Paté is one of those dishes that people assume is difficult to make, exotic to taste, expensive to buy and luxurious to afford. But it doesn’t have to be! With a little work and the right tools (a smoker and a food processor), you can make a delicious paté for a great price.
I am lucky enough to have scored an invitation to a lovely Thanksgiving dinner, and since my help was not needed for making the turkey (although I make a nice juicy bird, if I do say so myself) or any other cornerstones of the holiday meal, I volunteered to make a cheese plate for an appetizer, including fancy cheese, cold cuts, homemade paté and sweet pickles. The cheese was storebought, but even the homemade parts of this plate were awfully easy to make.
For the pickles, I used this basic pickling spice and recipe, only obviously I used a variety of fresh veggies, and I also added a little star anise and clove for a little sweetness.
The paté was very easy to make – although nothing is as easy as making refrigerator pickles:
Smoked Chicken Liver Paté
- about 2 lbs. of chicken livers, trimmed
- 1 small onion
- 2 cloves fresh or roasted garlic
- 1 cup white wine
- 3 tbsp. butter
- fresh herbs (I used rosemary)
- Worchestershire sauce
- salt and pepper
I got two pounds of chicken livers (they’re so cheap, just over $1 each) and seasoned them with Worchestershire sauce and some seasoned salt and pepper. Keep in mind that this recipe works just as well with any type of liver — even the one from your Thanksgiving turkey.
I put the livers on my smoker, and I used wood chips made from the oak barrels they use for aging Tabasco sauce. It added a lovely-scented smoke to the livers (although feel free to use your favorite type of wood chips and your own favorite seasoning). You may also want to smoke some garlic at the same time, or roast it in your oven, just to kick it up another notch.
After smoking for about an hour at 200 degrees, the livers should be no longer pink (although a tiny bit of pink is OK). Make sure they cool completely — you can even do the smoking a day or two before.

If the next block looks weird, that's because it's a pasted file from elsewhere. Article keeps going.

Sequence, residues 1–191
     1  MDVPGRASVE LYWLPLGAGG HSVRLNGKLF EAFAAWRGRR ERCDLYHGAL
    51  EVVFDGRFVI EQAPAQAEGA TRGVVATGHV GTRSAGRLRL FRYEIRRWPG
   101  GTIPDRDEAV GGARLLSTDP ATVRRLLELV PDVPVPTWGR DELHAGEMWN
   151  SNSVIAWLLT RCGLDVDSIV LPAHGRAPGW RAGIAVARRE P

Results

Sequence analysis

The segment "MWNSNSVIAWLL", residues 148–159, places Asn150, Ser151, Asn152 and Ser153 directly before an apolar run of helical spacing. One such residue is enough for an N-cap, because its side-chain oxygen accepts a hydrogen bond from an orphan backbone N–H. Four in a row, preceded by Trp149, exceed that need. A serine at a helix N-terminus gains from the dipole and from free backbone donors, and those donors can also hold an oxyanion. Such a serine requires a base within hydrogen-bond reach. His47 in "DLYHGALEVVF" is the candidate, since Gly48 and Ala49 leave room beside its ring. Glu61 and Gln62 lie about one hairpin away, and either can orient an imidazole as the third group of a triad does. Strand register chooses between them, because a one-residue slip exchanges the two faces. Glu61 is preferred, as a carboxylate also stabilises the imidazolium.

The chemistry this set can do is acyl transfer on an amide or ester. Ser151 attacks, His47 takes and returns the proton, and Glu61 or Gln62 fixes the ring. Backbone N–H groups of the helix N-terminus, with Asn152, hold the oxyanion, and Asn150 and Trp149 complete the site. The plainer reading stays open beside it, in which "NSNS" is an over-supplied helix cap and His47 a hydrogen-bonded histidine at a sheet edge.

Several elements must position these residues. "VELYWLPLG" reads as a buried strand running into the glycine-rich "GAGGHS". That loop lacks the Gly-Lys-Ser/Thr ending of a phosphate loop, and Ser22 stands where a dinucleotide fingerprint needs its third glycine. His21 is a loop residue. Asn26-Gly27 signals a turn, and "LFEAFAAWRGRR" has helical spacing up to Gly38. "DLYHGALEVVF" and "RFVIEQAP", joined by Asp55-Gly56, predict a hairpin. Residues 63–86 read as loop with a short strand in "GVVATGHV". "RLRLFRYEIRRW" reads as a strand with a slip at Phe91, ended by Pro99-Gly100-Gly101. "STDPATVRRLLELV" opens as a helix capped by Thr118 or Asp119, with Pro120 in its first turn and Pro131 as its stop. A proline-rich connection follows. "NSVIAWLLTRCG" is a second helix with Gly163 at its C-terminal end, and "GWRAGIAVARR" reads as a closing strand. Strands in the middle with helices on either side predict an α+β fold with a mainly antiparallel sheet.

First, chop the garlic and onion as finely as possible (not necessary if you have roasted or smoked the garlic), or grate them into the food processor. Then blend them in the food processor with the fresh herbs and 3 tbsp. butter. Pulse the mixture a few times to make sure the onion and garlic is as paste-like as possible — no one wants a big chunk of fresh garlic in their paté! Add the livers and pulse the mixture a few times to get the livers broken down as well, then slowly pour the cup of white wine into the food processor until the mixture is your desired consistency (you may not need it all).
I like my paté a little on the thin side, just thick enough that it will hold to a piece of bread or a cracker. Add salt and pepper to taste.
I served this as part of an epic Thanksgiving cheese plate with those pickles, lots of delicious cheeses and cold cuts — if you’re in southern California check out my friends at Venissimo Cheese. Then, for dessert I cooked a wheel of brie on a cedar plank with roasted cherry/jalapeno jam. This is the “before” photo — and there isn’t an “after” photo because it pretty much disappeared within a few minutes.